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The Supreme Court of North Carolina reversed and remanded an earlier ruling that found a woman’s injuries compensable in spite of possible pre-existing conditions, calling for the North Carolina Industrial Commission to further review the case.
Patricia Pine was employed by Walmart in the electronics department, where she had worked for almost 22 years. In December 2011, she tripped and fell forward over the bottom of a stairway ladder, causing injuries to her arms, wrists, shoulders, neck, knees and more, according to documents in Patricia Pine v. Wal-Mart Associates Inc., National Union Fire Insurance Co., Claims Management Inc., filed in the courthouse in Raleigh, North Carolina.
After treatment and later reports of further pain, which doctors diagnosed as carpel tunnel, among other ailments that could have been exacerbated by the fall, the employer’s insurer in 2013 denied compensability of the “new injury outside of her employment to her cervical spine and further (contended) that (Ms. Pine’s) current disability, if any, is unrelated to the original compensable injury.”
Ms. Pine then requested a hearing before the North Carolina Industrial Commission, which issued a ruling in 2015 that her injuries and subsequent pain were the result of the 2011 injury, finding that her “pre-existing cervical disc disease was aggravated by her fall at work” and concluded that the employer “failed to present sufficient evidence to rebut the presumption that Plaintiff's carpal tunnel syndrome, carpal boss, sagittal band rupture, dystrophic right hand symptoms, neck, and left knee problems are causally related” to her injury.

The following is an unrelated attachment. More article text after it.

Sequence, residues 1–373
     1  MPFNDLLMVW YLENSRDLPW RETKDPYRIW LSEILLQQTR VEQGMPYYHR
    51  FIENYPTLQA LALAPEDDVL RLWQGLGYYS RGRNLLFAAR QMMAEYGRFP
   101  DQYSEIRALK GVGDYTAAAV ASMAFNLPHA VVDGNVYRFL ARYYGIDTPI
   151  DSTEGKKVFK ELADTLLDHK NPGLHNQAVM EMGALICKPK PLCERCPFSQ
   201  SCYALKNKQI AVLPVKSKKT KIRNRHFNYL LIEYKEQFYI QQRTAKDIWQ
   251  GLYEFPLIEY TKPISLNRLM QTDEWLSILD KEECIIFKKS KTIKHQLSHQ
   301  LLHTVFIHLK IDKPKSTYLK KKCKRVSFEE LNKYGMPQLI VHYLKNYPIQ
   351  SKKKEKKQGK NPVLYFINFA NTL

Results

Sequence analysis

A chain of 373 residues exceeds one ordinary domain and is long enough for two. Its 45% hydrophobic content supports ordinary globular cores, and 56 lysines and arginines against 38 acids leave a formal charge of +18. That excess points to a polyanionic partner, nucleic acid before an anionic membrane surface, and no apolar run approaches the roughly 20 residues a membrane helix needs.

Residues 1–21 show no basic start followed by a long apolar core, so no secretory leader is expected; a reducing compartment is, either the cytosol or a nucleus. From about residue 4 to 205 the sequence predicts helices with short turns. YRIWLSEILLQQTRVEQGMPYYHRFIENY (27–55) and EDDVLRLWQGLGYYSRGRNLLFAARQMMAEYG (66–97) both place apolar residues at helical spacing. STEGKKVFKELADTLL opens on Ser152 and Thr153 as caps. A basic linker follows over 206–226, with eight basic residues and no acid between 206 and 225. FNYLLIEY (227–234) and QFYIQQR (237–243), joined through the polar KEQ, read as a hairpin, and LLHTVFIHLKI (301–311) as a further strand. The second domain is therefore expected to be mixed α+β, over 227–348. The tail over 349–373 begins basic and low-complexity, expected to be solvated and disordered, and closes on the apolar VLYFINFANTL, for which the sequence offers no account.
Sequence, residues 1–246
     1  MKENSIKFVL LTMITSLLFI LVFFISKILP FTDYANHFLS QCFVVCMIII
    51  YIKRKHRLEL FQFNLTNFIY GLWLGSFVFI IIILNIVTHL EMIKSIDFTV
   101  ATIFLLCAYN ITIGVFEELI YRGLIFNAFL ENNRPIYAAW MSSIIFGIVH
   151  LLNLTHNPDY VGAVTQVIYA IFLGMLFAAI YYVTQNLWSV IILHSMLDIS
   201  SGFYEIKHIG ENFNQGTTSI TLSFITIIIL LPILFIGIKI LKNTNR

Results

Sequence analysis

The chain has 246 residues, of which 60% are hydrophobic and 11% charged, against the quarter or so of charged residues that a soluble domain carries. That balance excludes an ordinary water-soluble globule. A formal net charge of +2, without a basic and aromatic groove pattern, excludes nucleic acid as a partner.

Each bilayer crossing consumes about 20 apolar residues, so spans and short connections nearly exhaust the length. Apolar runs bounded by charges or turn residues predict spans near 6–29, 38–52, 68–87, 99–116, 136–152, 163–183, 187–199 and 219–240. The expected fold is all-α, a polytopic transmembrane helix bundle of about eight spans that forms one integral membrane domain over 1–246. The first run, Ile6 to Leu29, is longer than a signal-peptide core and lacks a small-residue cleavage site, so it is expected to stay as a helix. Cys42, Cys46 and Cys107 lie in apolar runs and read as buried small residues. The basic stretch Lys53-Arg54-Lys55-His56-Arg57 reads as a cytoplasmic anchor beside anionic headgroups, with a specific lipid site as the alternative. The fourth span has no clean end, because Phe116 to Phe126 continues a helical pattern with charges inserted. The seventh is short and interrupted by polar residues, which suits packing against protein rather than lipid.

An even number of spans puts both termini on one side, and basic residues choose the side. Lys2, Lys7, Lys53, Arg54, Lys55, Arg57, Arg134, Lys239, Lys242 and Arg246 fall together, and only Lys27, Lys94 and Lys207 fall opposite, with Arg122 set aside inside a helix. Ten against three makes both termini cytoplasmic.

The North Carolina Court of Appeals affirmed the ruling, despite claims and admitting that the commission erred in applying the incorrect standard in determining compensability.
The state Supreme Court on Friday ruled that the Commission ruling and the Court of Appeals rulings created confusion.
“The Opinion and Award is wholly unclear upon which party the Commission placed, or considered as having, the burden of proof to show or rebut causation. As such, the Award must be set aside and remanded,” the ruling states. “This dismissal is without prejudice to plaintiff's ability to raise this issue in the future.”
The Supreme Court of Minnesota ruled Wednesday that an employee who fell down a flight of steps while at work is not due workers compensation because she chose not to use a handrail.